Posted in community, surgery, urology | Leave a comment

Are you at risk for oral cancer?

Protect yourself Oral cancer frequently begins as a painless lesion in your mouth. Therefore, experts recommend you carefully examine your mouth on a regular basis for red or white spots, lumps or anything that looks abnormal.   Stand in front of a mirror. Using gauze for grip, lift your tongue so you can see beneath and in back of your mouth. Pull your cheeks away from your teeth to get a good look.   See your dentist or doctor if you find something unusual. “If it’s affecting your life, and it lasts longer than two weeks, then it requires professional evaluation,” advises oral surgeon Terrence Thines, a professor in Upstate University Hospital’s division of dentistry.

Protect yourself — Oral cancer frequently begins as a painless lesion in your mouth. Therefore, experts recommend you carefully examine your mouth on a regular basis for red or white spots, lumps or anything that looks abnormal.
Stand in front of a mirror. Using gauze for grip, lift your tongue so you can see beneath and in back of your mouth. Pull your cheeks away from your teeth to get a good look. See your dentist or doctor if you find something unusual. “If it’s affecting your life, and it lasts longer than two weeks, then it requires professional evaluation,” advises oral surgeon Terrence Thines, a professor in Upstate University Hospital’s division of dentistry.

Most of the people with oral cancers whom Terrence Thines cares for are in their fifth or sixth decades of life. But lately, the oral surgeon from Upstate’s division of dentistry is seeing younger patients with the same type of disease.

Many are infected with the human papilloma virus, or HPV. Infection with certain types of HPV, easily spread from one person to another during skin-to-skin contact, can cause some forms of cancer. Thines said research so far has not connected the increase in oral cancers directly to HPV, but some experts believe the rise is related to an increase in oral sex.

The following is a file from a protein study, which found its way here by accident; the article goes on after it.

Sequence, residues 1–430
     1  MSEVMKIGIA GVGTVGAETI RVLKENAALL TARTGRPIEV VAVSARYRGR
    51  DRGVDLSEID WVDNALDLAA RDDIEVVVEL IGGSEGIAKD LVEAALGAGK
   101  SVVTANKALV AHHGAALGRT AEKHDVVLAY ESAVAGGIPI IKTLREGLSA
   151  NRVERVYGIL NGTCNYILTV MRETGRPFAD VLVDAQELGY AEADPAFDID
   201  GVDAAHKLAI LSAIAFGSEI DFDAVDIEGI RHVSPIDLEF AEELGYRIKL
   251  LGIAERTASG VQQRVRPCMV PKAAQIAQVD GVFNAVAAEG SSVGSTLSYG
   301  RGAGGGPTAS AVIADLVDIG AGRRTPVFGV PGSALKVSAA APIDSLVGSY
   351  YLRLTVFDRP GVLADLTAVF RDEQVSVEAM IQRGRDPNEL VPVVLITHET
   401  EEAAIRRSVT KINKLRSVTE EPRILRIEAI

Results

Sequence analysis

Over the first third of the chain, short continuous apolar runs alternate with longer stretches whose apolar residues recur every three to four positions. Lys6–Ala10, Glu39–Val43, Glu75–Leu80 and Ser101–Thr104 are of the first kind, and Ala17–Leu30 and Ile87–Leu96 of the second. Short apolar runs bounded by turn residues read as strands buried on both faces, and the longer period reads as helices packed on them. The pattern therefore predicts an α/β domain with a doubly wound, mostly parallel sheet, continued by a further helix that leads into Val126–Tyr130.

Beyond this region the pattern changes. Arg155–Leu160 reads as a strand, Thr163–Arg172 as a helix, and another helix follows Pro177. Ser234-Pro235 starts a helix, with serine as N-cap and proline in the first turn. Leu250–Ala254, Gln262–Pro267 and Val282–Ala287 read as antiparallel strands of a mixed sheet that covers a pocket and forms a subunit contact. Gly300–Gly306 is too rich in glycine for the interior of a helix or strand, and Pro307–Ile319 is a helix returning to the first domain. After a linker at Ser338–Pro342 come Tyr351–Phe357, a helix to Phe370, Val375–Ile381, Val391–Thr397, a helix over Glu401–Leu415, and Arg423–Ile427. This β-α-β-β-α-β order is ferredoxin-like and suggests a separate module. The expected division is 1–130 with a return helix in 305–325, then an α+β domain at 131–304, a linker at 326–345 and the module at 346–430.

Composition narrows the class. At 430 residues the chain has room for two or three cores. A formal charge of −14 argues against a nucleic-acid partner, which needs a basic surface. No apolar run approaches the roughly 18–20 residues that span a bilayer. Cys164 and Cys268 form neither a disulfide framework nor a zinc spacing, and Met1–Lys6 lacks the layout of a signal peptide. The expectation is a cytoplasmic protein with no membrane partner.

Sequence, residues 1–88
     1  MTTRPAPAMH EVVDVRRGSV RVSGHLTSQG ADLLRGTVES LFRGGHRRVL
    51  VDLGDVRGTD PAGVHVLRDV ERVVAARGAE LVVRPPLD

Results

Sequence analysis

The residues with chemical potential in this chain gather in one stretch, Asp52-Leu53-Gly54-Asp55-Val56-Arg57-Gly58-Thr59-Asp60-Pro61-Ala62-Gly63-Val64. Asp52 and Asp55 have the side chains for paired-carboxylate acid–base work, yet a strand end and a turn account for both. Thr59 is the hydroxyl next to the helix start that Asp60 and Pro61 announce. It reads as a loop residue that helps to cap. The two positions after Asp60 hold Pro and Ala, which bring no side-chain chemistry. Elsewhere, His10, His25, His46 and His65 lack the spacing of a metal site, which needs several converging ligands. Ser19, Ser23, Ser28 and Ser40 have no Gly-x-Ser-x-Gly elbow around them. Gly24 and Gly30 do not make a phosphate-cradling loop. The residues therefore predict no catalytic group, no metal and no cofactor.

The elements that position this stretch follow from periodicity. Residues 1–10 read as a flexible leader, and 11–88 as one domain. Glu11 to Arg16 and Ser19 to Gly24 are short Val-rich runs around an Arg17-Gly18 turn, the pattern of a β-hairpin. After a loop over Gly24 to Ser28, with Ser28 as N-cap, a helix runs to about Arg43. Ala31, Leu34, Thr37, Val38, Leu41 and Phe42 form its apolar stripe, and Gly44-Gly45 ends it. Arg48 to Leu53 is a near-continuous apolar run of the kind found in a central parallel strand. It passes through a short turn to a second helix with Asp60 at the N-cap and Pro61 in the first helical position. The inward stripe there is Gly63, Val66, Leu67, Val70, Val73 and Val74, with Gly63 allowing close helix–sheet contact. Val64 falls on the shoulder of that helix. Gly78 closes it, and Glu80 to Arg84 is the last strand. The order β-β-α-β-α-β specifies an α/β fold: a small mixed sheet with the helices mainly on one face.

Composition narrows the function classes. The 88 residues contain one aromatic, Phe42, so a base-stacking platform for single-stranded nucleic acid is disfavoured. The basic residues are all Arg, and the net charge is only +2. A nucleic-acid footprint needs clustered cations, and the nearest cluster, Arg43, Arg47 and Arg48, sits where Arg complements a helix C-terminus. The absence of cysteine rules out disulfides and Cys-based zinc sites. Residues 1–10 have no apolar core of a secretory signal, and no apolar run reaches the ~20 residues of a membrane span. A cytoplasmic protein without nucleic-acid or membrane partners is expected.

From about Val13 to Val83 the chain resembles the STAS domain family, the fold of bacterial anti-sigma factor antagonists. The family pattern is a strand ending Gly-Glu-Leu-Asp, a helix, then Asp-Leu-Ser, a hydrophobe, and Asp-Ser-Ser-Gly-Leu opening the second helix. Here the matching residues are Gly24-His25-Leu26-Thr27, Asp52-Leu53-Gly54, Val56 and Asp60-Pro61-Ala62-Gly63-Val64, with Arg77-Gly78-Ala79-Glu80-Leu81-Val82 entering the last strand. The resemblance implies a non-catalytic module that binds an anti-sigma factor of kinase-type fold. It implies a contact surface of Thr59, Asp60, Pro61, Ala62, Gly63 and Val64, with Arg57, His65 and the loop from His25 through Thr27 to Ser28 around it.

Hear an interview with Thines

Tobacco and alcohol use are among the strongest risk factors for oral and oropharyngeal cancers. Smokers are many times more likely than nonsmokers to develop these cancers, says the American Cancer Society, which adds that seven out of 10 patients with oral cancer are heavy drinkers. Combining the two vices ups the risk even more. “According to some studies, the risk of these cancers in heavy drinkers and smokers may be as much as 100 times more than the risk of these cancers in people who don’t smoke or drink,” the society says.

Thines said oropharyngeal cancers – cancers from the lips to the back of the throat – represent up to 4 percent of all cancer diagnoses. The death rate from oral cancer is on the decline, probably due to better diagnosis and better prevention strategies. “You have a good prognosis if the cancer is detected and treated early,” he said.

Depending on the location and type of cancer cells, surgery is likely to be the first step in treatment. That may be followed by radiation and/or chemotherapy. Surgery may be disfiguring. “That’s one of the reasons we promote early detection,” Thines said, explaining that the earlier oral cancers are detected, the smaller they are likely to be and the less tissue that has to be removed.

 Hear an interview with Thines

 

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Exceptional surgical suite allows for MRI during operations

Director of pediatric neurosurgery, Zulma Tovar-Spinoza, MD, reviews the patient’s magnetic resonance images prior to beginning surgery.

Director of pediatric neurosurgery, Zulma Tovar-Spinoza, MD, reviews the patient’s magnetic resonance images prior to beginning surgery.

The most advanced imaging options available are part of Upstate’s newest surgical suite, which allows patients to undergo magnetic resonance imaging during an operation.

The clarity of the 3-tesla MRI is ideal for conditions that involve the brain, spine and musculoskeletal system, including brain tumors, epilepsy and cancer. Its powerful imaging capabilities provide exceptional detail.

Surgeons are able to immediately verify the complete removal of tumors, verify the placement of probes and minimize the impact to healthy tissues. This helps improve patient outcomes.

Hear an interview about the new suite

This 3-D computerized image shows the inside of the patient's brain and the 3.1-millimeter opening -- a bit larger than the tip of a pen -- for the laser.